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From the news that a new ‘super snake’ python hybrid may be on the rise in Florida to new research revealing that about 20,000 gallons of Exxon Valdez oil still remains trapped in the gravel beaches of Alaska, a lot happened this week in green. According to Downstream Strategies’ latest report, Appalachian coal is set for big declines in the coming decades due to market and legislative forces, Bill Gates argues that “We need innovation, not insulation,” concluding that the world is distracted from what counts in terms of dealing with climate change “in a big way,” and NPR brings to light how rigorous seed licensing is stick…

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The Week in Pictures: Exxon Valdez Oil Still Trapped in Alaskan Beaches, Appalachian Coal Set For Big Decline, ‘Super Snake’ Python Hybrid on the Rise, and More (Slideshow)

The Week in Pictures: Police Shoot Bull in Face, Detroit Auto Show, TreeHugger in Antarctica, and More

January 15, 2010 by  
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From the news that a Brazilian Federal Highway Police Officer broke animal protection laws when he shot and killed a bull on a highway road to a new study refuting one of the Japanese whaling industry’s justifications for violating the international ban on whaling, a lot happened this week in green.

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The Week in Pictures: Police Shoot Bull in Face, Detroit Auto Show, TreeHugger in Antarctica, and More

The Week in Pictures: International Year of Biodiversity, Sweden Allows Wolf Hunting, Frog Eats Snake, Geoglyphs Discovered, and More (Slideshow)

January 8, 2010 by  
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From the news that a single bluefin tuna has been sold for the highest price in the past nine years at a Tokyo fish auction to the government of Sweden allowing wolf hunting after a 45-year ban to dwindle the population of 237 down to 210 wolves, a lot happened this week in green. The United Nations has declared 2010 the Year of Biodiversity, WWF has released a list of the top endangered species to watch in 2010, researchers in California discovered a new red fox subspecies in the midst of the hyper-developed Sacramento valley, a new strawberry crab has been discovered off the coast of Taiwan, and readers sent in photo…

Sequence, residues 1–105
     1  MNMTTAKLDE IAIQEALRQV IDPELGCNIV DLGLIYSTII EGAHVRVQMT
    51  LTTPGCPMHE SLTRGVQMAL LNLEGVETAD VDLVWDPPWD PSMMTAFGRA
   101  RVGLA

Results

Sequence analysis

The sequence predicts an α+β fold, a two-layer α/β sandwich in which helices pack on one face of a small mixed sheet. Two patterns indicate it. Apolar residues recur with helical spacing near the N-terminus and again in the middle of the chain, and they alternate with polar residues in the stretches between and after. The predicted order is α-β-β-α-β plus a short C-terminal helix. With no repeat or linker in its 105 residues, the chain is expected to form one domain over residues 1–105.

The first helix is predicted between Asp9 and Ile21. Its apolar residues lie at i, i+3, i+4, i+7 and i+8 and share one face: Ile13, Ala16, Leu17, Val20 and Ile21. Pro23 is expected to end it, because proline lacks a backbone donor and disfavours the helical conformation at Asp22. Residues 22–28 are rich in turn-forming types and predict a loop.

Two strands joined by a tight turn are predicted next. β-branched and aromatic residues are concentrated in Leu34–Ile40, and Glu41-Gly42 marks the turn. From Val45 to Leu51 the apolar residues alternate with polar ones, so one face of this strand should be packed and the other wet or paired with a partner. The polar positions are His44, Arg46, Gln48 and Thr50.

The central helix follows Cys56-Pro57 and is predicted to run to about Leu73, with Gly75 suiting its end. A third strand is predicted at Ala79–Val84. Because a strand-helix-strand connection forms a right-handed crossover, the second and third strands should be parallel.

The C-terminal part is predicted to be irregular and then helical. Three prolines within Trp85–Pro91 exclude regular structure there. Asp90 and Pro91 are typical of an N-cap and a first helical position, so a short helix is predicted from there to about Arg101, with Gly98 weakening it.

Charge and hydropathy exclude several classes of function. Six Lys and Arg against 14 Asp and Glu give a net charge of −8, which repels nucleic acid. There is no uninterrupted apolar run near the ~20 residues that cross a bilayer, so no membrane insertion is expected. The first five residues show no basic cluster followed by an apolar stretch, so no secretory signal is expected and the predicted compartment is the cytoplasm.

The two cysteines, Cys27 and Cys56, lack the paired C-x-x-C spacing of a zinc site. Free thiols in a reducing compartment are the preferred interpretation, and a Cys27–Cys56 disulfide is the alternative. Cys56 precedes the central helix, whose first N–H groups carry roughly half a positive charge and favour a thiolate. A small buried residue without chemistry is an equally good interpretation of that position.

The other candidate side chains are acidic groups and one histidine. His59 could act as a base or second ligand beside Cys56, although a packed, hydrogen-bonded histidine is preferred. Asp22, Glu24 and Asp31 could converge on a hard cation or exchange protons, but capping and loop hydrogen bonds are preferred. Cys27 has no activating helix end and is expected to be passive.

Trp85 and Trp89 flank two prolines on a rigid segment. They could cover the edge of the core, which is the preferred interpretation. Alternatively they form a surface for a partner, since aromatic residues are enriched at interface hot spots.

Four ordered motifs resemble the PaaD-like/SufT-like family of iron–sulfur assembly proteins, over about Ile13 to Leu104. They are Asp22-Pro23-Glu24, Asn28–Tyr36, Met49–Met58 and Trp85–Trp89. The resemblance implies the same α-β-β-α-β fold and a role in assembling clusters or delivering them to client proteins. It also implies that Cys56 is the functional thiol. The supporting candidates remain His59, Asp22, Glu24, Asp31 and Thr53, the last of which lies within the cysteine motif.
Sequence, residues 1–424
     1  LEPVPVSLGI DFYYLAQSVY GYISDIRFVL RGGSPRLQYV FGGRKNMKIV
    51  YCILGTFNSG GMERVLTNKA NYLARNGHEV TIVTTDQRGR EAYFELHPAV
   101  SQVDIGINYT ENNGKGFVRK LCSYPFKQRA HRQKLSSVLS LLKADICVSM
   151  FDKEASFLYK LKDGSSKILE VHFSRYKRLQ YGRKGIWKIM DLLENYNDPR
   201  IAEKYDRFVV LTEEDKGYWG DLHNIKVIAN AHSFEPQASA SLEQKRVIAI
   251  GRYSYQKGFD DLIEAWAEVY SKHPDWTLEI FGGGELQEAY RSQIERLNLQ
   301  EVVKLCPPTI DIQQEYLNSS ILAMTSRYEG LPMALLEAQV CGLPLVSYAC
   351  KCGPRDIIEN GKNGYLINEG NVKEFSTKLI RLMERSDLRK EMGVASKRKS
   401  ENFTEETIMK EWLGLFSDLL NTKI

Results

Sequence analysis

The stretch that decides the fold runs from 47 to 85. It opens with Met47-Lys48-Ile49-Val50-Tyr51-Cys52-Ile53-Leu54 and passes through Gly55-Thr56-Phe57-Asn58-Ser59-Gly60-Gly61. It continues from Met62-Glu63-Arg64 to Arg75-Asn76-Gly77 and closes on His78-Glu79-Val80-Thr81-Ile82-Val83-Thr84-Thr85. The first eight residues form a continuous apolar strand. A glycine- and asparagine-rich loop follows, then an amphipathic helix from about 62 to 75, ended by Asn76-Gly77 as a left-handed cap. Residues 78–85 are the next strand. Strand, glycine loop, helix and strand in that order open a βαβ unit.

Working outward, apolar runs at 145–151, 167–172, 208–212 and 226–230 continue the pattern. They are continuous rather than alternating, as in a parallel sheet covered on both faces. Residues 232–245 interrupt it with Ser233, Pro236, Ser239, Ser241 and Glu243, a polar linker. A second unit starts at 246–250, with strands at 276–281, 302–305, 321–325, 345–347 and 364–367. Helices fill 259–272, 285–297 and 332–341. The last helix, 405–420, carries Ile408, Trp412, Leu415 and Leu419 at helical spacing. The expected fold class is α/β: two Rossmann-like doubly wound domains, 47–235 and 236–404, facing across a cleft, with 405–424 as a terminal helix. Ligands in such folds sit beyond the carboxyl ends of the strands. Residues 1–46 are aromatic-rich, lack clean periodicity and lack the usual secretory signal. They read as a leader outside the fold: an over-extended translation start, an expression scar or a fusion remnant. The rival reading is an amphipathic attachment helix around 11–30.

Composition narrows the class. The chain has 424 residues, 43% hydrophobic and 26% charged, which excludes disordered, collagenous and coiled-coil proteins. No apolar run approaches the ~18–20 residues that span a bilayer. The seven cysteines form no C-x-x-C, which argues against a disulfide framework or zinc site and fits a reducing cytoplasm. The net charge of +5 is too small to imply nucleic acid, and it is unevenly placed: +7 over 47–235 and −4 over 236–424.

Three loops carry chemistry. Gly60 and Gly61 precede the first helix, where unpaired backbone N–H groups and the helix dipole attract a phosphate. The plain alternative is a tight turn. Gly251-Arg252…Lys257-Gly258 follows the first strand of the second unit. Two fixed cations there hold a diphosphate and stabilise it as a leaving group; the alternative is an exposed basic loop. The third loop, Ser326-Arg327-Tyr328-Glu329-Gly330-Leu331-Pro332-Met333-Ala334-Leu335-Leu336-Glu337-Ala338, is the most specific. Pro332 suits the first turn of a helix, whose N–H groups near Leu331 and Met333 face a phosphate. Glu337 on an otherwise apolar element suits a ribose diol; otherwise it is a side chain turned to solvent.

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The Week in Pictures: International Year of Biodiversity, Sweden Allows Wolf Hunting, Frog Eats Snake, Geoglyphs Discovered, and More (Slideshow)

The Week in Pictures: Chaos at COP15, Decade in Review, Rescue Animals, and More (Slideshow)

December 18, 2009 by  
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From the Climate Pilgrims’ march through Copenhagen to the world’s largest climate change demonstration, a lot happened this week in green. Somewhere between 40,000 and 100,000 people assembled in Christiansborg Slotsplads and marched to the Bella Center to demand strong action on climate change; we rounded up the best and worst of 2009 in our decade in review, and on the lighter side, readers’ sent in photos of their rescue animals for our weekly slideshow. Find out what else happened in the world of green this week in our photo roundup of most popular, most important, and most oddball stories

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The Week in Pictures: Chaos at COP15, Decade in Review, Rescue Animals, and More (Slideshow)

Preserved by Prostitution: 400 Acres in Nevada

December 18, 2009 by  
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Photo by the_toe_stubber via Flickr. Conservation efforts sometimes create unlikely bedfellows

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Preserved by Prostitution: 400 Acres in Nevada